Overloud followed up the release of its free Roland Dimension-D chorus emulation with a full-blown modulation effects collection – the GEM Modula. That’s how you get people going before a big release. In fact, Overloud is playing us like a vintage violin and we’re loving every minute of it! Anyway, here’s GEM Modula…
Overloud GEM Modula modulation effects
GEM Modula packs extended emulations of three classic modulation units – the Roland Dimension D, the Solina String Ensemble, and the Yamaha SPX90. All plug-ins share some core functionality and controls – namely, Dual Mode (independent L/R channel settings), input stage saturation, stereo width, custom LFO shapes, parametric EQ, envelope modulation for parameters, and sync to BPM.
You may have encountered other emulations of the units in questions in your production life. For the uninitiated, here’s the gist. The Roland chorus has that mid-80’s / early 90’s character that’s especially prominent on vocals, but it’s also good for reverb-less depth enhancement and harmonic saturation. You gotta try this one out on both tracks and buses.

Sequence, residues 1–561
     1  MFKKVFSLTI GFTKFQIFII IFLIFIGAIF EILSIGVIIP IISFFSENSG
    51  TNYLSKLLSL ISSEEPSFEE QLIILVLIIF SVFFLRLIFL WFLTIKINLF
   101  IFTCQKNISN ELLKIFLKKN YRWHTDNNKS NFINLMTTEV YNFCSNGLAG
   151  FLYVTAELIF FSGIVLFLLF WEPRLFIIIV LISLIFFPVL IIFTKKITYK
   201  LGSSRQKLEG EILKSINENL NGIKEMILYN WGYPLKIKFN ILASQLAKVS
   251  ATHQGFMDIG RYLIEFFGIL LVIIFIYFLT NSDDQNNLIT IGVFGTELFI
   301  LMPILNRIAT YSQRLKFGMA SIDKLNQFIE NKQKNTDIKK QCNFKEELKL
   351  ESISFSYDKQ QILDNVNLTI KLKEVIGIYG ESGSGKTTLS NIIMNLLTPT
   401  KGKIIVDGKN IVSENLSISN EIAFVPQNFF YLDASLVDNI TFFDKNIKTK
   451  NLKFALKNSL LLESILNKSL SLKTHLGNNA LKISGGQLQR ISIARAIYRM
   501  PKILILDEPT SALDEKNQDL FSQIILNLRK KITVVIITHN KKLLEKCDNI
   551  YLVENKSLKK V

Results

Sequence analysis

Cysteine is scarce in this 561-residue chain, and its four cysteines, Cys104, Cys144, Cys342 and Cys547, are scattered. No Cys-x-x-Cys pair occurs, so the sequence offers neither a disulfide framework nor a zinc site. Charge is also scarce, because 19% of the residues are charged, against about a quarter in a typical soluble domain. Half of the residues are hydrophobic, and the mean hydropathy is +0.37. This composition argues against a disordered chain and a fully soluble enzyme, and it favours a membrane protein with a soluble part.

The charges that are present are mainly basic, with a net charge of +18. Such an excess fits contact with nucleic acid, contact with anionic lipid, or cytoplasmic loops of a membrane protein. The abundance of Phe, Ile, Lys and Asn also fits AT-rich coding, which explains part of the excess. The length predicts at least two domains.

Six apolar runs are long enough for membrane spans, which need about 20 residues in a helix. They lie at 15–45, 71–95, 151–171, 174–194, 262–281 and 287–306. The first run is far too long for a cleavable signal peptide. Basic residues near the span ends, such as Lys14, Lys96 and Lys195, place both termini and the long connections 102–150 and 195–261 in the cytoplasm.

The Solina String Ensemble is the chorus circuit from the manufacturer’s classic string machines. It sounds h-u-g-e, almost comically so when driven hard. Then, the Yamaha unit is your 90’s digital chorus that goes on anything, especially if you want to forego subtlety. I mean, Zakk Wylde famously used this one, and if you’re into him, you know how his lead tone is drenched in chorus.
Each effect has the Overloud enhancements mentioned earlier – input saturation, parametric EQ, and stereo width. It also has envelope modulation for the parameters, along with custom LFO shapes to expand the variety of modulation effects.
Price and availability
GEM Modula is available with the traditionally tempting Overloud introductory discount which sees the regular EUR 129 price reduced to EUR 70 until October 4, 2021. A free trial version is available as well. Overloud plug-ins typically work under macOS (10.9 or later) and Windows (Vista or later) in 32-bit and 64-bit VST, AU, and AAX formats.